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Excitement after Pictish brooch is unearthed in north-east Fife

The 8th or 9th Century piece of jewellery, found in north-east Fife, has caused excitement in archaeological circles.
The 8th or 9th Century piece of jewellery, found in north-east Fife, has caused excitement in archaeological circles.

An amateur metal detectorist unearthed a rare Pictish brooch from farmland in north-east Fife.

The 8th or 9th Century piece of jewellery, reckoned to be silver, has caused excitement in archaeological circles, with the find considered to be of national importance.

It has been handed over to Scotland’s Treasure Trove Unit and is expected to eventually go on display in a museum.

The finder, whose identity is unknown, is eligible for a reward.

Treasure Trove officer Dr Natasha Ferguson said the early medieval penannular brooch was an exciting object of high-quality craftsmanship.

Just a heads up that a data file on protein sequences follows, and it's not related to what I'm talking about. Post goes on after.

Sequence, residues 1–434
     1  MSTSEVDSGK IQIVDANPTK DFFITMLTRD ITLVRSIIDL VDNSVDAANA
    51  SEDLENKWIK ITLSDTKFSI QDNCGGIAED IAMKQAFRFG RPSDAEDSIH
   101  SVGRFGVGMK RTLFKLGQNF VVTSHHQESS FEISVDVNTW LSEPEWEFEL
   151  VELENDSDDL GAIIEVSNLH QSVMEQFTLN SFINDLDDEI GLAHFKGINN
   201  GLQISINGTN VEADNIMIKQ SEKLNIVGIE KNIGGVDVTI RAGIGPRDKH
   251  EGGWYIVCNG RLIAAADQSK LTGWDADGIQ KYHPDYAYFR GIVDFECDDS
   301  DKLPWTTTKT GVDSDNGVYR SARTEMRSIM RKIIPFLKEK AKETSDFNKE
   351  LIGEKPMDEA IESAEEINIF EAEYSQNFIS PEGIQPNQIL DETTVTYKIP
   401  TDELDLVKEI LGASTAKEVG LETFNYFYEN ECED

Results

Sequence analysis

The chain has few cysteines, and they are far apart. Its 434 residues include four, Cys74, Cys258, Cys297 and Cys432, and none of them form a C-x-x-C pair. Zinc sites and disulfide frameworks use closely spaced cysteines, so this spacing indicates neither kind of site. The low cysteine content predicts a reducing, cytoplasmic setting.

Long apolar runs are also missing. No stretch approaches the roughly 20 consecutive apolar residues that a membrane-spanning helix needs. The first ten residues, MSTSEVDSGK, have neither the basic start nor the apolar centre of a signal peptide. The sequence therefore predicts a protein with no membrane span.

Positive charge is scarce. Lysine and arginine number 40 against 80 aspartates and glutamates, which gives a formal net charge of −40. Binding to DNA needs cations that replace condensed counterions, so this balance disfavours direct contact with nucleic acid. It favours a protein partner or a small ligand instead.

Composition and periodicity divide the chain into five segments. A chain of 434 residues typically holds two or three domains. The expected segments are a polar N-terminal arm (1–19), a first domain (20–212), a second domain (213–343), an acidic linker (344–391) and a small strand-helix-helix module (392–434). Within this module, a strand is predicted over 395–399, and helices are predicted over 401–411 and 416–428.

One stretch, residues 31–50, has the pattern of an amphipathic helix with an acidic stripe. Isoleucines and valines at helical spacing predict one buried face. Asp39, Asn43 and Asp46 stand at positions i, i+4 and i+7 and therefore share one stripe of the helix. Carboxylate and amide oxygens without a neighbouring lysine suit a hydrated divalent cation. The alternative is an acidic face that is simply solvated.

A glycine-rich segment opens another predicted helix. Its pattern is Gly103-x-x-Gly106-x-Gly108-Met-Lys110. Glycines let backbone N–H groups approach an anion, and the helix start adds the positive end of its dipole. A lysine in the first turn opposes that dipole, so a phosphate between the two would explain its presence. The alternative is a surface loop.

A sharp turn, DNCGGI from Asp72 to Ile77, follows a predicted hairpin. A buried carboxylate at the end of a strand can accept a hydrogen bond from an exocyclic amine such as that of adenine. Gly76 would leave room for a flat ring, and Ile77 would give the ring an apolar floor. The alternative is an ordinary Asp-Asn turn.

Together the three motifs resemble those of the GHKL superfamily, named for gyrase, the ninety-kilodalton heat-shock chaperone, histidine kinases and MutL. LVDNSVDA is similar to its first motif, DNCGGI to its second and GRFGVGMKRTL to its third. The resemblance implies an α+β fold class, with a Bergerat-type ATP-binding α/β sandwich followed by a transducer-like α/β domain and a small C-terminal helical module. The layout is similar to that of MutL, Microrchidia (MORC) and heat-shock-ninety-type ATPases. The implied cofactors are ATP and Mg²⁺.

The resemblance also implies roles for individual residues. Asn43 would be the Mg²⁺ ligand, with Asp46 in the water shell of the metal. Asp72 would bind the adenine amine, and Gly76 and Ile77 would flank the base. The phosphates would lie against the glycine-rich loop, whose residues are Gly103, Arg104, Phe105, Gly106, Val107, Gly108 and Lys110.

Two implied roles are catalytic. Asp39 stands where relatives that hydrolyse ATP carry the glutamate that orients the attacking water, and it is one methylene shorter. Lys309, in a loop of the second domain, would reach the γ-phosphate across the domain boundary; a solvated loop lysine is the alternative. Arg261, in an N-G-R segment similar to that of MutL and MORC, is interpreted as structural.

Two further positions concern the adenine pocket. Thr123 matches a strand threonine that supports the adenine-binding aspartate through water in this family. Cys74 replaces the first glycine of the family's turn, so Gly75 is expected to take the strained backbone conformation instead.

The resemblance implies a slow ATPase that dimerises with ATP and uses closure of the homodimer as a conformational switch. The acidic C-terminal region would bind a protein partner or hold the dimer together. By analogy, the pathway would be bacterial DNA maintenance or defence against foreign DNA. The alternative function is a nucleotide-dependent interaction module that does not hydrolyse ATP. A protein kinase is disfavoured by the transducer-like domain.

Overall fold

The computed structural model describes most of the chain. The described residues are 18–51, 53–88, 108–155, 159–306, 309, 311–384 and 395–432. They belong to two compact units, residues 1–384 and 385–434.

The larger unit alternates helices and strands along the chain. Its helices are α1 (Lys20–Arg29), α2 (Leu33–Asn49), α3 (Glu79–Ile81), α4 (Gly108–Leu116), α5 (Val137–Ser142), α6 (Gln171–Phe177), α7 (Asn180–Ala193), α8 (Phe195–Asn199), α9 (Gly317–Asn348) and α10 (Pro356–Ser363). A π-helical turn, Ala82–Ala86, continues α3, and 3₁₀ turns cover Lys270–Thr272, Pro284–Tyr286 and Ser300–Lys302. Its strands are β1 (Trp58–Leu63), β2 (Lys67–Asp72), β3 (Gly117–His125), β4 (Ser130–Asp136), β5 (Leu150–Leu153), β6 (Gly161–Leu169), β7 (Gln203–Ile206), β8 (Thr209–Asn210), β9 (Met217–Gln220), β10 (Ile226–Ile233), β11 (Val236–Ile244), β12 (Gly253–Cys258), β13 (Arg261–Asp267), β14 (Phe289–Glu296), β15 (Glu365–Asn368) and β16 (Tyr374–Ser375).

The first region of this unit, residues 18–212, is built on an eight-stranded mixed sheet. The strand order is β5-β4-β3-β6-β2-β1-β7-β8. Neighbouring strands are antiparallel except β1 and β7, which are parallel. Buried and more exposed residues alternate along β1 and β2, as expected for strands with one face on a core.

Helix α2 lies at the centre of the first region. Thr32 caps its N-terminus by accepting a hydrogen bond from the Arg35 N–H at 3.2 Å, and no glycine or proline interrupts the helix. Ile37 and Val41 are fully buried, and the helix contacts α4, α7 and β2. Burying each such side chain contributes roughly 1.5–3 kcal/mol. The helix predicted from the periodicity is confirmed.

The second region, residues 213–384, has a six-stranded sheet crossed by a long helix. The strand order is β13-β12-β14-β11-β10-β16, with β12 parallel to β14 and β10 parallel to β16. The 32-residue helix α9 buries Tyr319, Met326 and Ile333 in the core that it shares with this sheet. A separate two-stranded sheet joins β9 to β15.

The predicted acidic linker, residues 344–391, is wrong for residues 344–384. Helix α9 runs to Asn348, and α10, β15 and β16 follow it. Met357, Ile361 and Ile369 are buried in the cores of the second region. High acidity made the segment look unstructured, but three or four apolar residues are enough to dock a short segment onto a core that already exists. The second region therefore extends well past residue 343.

She said: “It’s quite a rare object. These things don’t come up very often at all, certainly not as a single find.

“When you get something as culturally distinctive as Pictish or early medieval it raises interesting research questions about who would have worn it and how it has ended up there.

“It is a very high status piece it would have been worn by someone to show their wealth. It’s not clear whether it has been deliberately buried as part of a hoard or if it has somehow ended up being dropped and lost.”

Research is being conducted on the brooch, before it is allocated to a museum.

Ms Ferguson added: “Although it looks to be copper alloy we think it is silver that has been gilded, so elements have a gold surface added to give extra brightness. It also has amber insets.

“The condition is very good. It is missing a section but the amber inset and gilt have survived and to be able to see the decorative knotwork without it being too worn is quite interesting.”

While it is the only object of its type to be found at the location which is being kept under wraps to keep treasure hunters away there are similar pieces in a hoard found on St Ninian’s Isle in Shetland.

The law requires finders of objects of archaeological or historical importance to hand them over to the Treasure Trove Unit so they can be preserved for public benefit.

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